Nicaragua is living a complicated and fragile political time however we are tackling this time without understanding that it is happening – I am not referring to the government – but rather to the other who isn’t me, the citizen who lives this time differently. Nicaragua is polarized and the entire population is the enemy of the other part of the population. What happens over the next two years will decide who takes over, whoever is stronger, and that will not necessarily be s/he who contributes more to social justice. I do not plan on making the case for any one ideology or any particular political group in this film and that is not because I don’t have an opinion. It isn’t because I don´t think it is important to talk about power and the political future either. I believe in the need and the importance of reporting, but I do not believe it is my place to do so as it is not my strong suit.

I want my vision to try to understand the reality. We can only influence, consciously transform our world, if we know it. If we don’t, in the end we will always be those people who are face to face in a never ending bid for power of big narratives. I haven’t believed in the world of the good and the bad for a long time now. I want to understand how we got to this point, what hurts and what we can do with this panorama.


Not many years ago we were living in a more optimistic time where we seemed to have reached an agreement on basic principles like Human Rights, respect for the environment, if not feminism, at least equal rights between the genders, respect for life, freedom of sexual expression and childhood protection. It was a time when many of us believed that not everything is possible and not everything goes, because we had instruments that, although they might not solve the problems of inequality and social justice, at least they regulated the excesses. The International Court of Justice, the Inter-American Court of Human Rights, the UN, the OAS, institutions whose voices are heeded and who make judgements such as Human Rights Watch or Amnesty International. At least they offered a glimmer of hope so that impunity might not be the most likely outcome.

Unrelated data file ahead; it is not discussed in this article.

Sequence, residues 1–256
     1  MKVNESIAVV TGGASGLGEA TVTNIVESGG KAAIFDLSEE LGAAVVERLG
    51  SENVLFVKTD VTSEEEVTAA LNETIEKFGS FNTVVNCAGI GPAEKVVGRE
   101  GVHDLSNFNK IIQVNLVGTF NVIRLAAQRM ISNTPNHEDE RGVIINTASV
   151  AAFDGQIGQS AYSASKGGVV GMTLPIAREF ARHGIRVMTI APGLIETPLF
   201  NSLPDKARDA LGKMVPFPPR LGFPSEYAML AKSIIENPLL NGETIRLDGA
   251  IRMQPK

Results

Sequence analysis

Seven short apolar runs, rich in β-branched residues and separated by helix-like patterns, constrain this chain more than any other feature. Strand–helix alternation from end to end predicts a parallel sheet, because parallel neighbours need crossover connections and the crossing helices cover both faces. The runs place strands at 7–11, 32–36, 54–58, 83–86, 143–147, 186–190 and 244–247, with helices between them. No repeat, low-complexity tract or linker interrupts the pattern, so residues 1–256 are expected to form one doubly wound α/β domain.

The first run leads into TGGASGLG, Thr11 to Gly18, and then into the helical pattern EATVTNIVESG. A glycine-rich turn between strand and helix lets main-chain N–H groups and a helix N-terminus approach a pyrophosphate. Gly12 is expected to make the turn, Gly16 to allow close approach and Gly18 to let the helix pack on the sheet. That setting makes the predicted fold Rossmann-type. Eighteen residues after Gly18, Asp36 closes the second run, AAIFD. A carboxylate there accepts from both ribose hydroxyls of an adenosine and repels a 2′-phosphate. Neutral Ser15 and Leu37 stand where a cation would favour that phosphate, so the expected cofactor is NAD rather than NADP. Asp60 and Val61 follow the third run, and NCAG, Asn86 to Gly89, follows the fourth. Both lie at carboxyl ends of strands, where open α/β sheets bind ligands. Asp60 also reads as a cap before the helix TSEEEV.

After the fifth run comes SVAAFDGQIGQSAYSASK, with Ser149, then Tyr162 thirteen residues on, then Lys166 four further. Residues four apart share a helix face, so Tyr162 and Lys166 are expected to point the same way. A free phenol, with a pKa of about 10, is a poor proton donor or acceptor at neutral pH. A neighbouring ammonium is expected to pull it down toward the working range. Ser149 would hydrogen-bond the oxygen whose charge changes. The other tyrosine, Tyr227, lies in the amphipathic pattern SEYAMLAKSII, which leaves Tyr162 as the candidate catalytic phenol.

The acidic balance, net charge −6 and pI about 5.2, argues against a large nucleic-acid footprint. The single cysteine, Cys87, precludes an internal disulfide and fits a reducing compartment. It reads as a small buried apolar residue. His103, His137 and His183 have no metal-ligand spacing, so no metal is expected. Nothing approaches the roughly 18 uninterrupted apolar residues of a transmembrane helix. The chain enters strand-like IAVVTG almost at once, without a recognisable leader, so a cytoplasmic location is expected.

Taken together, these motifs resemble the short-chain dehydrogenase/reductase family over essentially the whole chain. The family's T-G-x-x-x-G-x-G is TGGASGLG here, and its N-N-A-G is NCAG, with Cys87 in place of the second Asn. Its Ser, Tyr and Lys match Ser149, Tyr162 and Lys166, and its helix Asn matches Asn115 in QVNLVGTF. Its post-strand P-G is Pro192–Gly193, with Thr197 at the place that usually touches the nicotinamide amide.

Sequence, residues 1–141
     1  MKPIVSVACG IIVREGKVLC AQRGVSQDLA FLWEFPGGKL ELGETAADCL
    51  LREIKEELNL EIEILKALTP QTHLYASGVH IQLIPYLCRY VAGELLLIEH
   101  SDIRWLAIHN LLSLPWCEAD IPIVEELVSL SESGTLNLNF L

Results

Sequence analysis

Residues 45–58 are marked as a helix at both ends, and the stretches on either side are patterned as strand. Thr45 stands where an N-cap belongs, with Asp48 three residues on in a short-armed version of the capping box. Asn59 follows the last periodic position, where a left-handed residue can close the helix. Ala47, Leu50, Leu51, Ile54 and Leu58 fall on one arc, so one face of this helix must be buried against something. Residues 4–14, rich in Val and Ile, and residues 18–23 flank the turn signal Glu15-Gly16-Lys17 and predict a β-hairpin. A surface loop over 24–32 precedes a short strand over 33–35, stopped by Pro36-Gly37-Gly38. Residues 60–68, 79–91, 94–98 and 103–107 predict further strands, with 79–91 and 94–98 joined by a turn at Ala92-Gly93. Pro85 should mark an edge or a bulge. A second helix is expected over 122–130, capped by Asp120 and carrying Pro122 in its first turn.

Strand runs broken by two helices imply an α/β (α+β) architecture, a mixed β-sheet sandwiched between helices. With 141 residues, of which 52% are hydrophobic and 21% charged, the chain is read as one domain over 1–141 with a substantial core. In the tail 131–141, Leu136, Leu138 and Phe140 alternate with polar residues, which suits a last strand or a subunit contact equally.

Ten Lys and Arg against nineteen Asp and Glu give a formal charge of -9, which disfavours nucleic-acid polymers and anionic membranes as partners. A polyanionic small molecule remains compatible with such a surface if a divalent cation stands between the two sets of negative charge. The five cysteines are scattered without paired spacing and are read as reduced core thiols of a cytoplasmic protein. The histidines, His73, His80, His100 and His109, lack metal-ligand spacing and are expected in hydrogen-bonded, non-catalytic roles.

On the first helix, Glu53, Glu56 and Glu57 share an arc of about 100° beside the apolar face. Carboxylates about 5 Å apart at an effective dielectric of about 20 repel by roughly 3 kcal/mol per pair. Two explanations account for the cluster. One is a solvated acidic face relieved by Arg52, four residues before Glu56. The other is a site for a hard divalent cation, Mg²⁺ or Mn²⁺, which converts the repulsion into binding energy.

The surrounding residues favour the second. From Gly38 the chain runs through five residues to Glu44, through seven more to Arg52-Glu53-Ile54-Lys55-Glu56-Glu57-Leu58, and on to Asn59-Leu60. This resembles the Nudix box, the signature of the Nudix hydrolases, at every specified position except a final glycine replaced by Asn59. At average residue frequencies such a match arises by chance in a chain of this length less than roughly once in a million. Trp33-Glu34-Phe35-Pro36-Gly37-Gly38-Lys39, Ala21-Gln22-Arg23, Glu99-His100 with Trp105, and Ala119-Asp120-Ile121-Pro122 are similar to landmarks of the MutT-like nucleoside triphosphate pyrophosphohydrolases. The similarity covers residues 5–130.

Now human life on the planet faces dangers and difficulties that are increasingly pressing and we have fewer and fewer resources to deal with them. Our ecosystem is in danger, the lives of women are especially in danger; poverty is growing considerably as is war and subsequently our near future is in danger. I think that the most difficult part of managing this scene is that the 4 horsemen are not riding the cart of private capitalism but rather private capitalism is operating officially through governments that have been democratically elected. Whether the electoral processes are cleaner or dirtier, the truth is that there are governments on every one of the continents that jeopardize dignity, life and the future that humans will have, and, moreover, a lot of people voted for them.
Many people choose government programmes that presage an enormous regression for the population as the most welcome alternative. I am interested in these people. Humanise them to understand what is happening to us.

To occupy the space of the other does not make us change our principles, ethics or notions of justice; but rather allows us to understand that the root of the problems that beset us and their solutions only humanise us more. In all of the spaces that we inhabit.